First, a word of caution: If you are a person who has trouble getting out of your 21st century mindset, Agatha Christie might not be your spot o’ tea, old chum. Her work was generally of the genteel drawing room variety. Her detectives seldom travel far from the manor house and village to solve crimes, nor are her tales crammed with wild chases or gunfire. Forensic science did exist, but we’re talking about discovering a hair on a topcoat, fingerprints, and matching boots to footprints, not DNA analysis. Poirot’s weapon is deductive reasoning or, as he puts it, using “zee leetle gray cells.” With a 5’4” roly-poly body and fastidious OCD habits, Poirot is the sort who is more likely to do damage to camembert than a bad guy’s jaw.


The Murder of Roger Ackroyd opens with the suicide of Mrs. Ferrars who, many locals believe once poisoned her husband. This is tough toffee for Roger Ackroyd, who was affianced to the now-deceased wealthy widow. This puts a jolly big damper on Ackroyd’s dinner party attended by his sister-in-law and her daughter, Flora; big-game hunter Hector Blunt, who fancies Flora; Roger’s personal secretary, Geoffrey Raymond; and Dr. James Sheppard, who narrates the novel. There is, of course, house staff, including parlourmaid Ursula Bourne, butler John Parker, and housekeeper Elizabeth Russell. There is also the matter of Ackroyd’s stepson via Roger’s late wife’s first marriage, Ralph Paton, whom Roger has fingered as a suitable husband for Flora, much to Blunt’s lament and Ralph’s indifference. Roger also tells Dr. Sheppard that the late Mrs. Ferrars was being blackmailed by someone claiming to have proof she killed her husband. A perfectly dreadful evening gets worse when, later in the night, Roger is murdered.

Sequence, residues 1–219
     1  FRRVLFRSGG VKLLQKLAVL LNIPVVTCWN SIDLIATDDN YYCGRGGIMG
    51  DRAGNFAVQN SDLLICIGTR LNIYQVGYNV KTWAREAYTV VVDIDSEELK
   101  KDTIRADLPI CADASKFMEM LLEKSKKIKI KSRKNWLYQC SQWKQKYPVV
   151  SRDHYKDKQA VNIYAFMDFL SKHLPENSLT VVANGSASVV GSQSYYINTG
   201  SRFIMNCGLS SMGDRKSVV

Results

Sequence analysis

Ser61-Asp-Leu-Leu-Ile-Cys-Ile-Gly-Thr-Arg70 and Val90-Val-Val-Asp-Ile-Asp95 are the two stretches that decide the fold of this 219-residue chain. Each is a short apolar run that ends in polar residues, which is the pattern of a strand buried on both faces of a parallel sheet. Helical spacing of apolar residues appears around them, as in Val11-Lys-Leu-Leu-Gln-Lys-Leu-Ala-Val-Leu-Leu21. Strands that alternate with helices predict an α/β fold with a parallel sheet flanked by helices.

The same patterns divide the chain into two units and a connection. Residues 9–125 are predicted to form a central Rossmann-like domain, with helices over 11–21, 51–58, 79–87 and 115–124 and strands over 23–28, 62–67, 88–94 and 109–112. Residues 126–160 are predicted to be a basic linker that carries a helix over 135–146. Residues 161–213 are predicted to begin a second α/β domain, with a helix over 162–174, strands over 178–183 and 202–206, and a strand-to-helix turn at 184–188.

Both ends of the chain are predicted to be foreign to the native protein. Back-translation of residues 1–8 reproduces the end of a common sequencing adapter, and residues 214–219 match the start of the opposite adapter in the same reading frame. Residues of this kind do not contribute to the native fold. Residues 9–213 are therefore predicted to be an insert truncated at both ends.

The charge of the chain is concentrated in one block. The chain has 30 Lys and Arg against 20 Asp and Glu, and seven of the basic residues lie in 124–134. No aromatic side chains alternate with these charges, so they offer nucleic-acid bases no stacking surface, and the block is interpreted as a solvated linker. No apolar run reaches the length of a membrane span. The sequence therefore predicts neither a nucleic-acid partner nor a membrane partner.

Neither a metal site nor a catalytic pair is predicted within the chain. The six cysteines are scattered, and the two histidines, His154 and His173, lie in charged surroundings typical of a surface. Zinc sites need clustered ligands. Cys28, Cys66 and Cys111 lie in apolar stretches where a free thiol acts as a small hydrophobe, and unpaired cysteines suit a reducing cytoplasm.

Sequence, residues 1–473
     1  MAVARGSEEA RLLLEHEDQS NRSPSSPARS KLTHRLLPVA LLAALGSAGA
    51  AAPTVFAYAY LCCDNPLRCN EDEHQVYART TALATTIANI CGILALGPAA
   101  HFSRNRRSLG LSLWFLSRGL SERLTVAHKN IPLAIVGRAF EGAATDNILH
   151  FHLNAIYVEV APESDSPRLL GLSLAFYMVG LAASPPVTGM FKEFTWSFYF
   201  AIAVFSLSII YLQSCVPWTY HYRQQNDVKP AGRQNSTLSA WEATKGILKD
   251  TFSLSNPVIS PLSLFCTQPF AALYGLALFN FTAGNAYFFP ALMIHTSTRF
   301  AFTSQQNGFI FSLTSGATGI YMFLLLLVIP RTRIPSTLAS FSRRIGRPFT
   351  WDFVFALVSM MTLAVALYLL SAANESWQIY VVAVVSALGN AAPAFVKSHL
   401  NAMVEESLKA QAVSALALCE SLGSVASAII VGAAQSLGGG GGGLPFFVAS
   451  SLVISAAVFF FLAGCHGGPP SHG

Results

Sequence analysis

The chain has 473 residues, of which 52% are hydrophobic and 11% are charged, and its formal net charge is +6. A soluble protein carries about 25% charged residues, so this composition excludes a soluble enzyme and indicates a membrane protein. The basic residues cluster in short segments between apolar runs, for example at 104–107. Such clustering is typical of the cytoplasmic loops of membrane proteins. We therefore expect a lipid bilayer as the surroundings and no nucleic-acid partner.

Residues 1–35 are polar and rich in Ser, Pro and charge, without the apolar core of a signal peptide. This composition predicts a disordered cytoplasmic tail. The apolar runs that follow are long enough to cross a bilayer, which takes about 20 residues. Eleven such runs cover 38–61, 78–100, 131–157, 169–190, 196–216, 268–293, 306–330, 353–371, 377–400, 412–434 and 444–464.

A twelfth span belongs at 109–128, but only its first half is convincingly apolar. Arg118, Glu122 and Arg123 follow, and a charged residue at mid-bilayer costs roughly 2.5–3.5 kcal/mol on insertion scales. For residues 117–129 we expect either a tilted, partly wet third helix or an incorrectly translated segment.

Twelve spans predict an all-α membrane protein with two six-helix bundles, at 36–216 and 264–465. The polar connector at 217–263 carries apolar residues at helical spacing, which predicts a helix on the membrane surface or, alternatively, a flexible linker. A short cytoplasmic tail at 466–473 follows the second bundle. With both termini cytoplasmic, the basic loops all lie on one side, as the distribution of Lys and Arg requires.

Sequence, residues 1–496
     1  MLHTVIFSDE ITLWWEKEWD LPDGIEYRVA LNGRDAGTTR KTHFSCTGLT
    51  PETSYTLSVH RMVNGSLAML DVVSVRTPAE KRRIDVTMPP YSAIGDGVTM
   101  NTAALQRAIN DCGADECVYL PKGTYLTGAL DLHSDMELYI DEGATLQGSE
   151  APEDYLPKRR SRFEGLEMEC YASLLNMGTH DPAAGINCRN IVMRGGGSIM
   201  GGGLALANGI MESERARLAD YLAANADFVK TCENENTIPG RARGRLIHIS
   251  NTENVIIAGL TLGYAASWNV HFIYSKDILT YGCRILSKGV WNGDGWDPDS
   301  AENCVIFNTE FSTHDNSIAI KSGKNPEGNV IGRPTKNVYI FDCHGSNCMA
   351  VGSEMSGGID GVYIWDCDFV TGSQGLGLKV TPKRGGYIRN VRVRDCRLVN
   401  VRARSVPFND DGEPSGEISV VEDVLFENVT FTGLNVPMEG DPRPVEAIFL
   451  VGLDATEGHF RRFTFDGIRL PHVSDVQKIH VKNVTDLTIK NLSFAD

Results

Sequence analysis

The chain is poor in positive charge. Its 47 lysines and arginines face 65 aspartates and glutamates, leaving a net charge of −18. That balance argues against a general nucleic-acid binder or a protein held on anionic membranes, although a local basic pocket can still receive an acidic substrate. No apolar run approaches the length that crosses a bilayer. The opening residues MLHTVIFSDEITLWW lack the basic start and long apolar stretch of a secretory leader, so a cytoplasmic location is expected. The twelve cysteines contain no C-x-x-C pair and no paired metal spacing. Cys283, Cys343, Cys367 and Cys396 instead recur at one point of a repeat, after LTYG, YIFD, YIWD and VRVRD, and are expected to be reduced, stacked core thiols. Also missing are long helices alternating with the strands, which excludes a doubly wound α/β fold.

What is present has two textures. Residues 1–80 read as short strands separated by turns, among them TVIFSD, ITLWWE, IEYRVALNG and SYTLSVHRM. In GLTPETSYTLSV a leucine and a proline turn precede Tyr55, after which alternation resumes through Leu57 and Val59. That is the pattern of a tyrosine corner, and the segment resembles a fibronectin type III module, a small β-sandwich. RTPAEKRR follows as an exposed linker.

Enter Hercule Poirot, already famed on the Continent, but supposedly in retirement in England. (It’s hard to know why he chose England, as Christie’s Poirot novels are filled with xenophobic dislike and distrust of the diminutive detective because, after all, he’s a foreigner.) Poirot will, of course, be lured away from his easy chair to investigate Roger’s murder. A few more dodgy characters enter into the equation, including one Charles Kent, a drug addict; Sheppard’s unmarried sister, a local snoop and gossip; and relatives of the house staff.


If this sounds like a stuffed cast, it is. Possible motives for murder proliferate as well: money woes, jealousy, family secrets, the disappearance of Ralph, and the sort of generalized reprobate behaviors we have come to expect of upper-class British twits. Poirot begins his extensive interrogations and knows immediately that nearly everyone is withholding information. All of this is vintage Agatha Christie. Suffice it to say Poirot is certain that the murderer is near but given that here are enough red herrings to feed the entire population of Holland, where to start? What to make of a found dagger, a gold ring in a pond, finger prints, property titles in play, a goose quill, footprints, and a Dictaphone? And let’s not forget two clueless police inspectors. (Neither is Japp or Hastings, who factor into later Poirot tales.)


Will Poirot solve the murder? Of course! And in grand Christie style, with all of the suspects gathered in the same room, and that’s just about everyone. Poirot’s modus operandi is to make them all sweat by detailing the reasons why each of them might have been the killer before fingering the real culprit.   


All Agatha Christie novels are carefully plotted and she certainly had a flair for pulling the rug out from under dim-witted British aristocrats whose eccentricities are less amusing and more emblematic of the decline of the Empire. Much like her other detective, Miss Marple, Christie’s books are old-fashioned, though I like them because they rest on brainpower rather than James Bond-like cloak-and-dagger intrigue. The Murder of Roger Ackroyd has but one dagger. That’s enough, but I could have done with fewer suspects.


Rob Weir


The Personal Librarian a Remarkable Tale



By Marie Benedict and Victoria Christopher Murray

Berkley/Random House, 324 pages.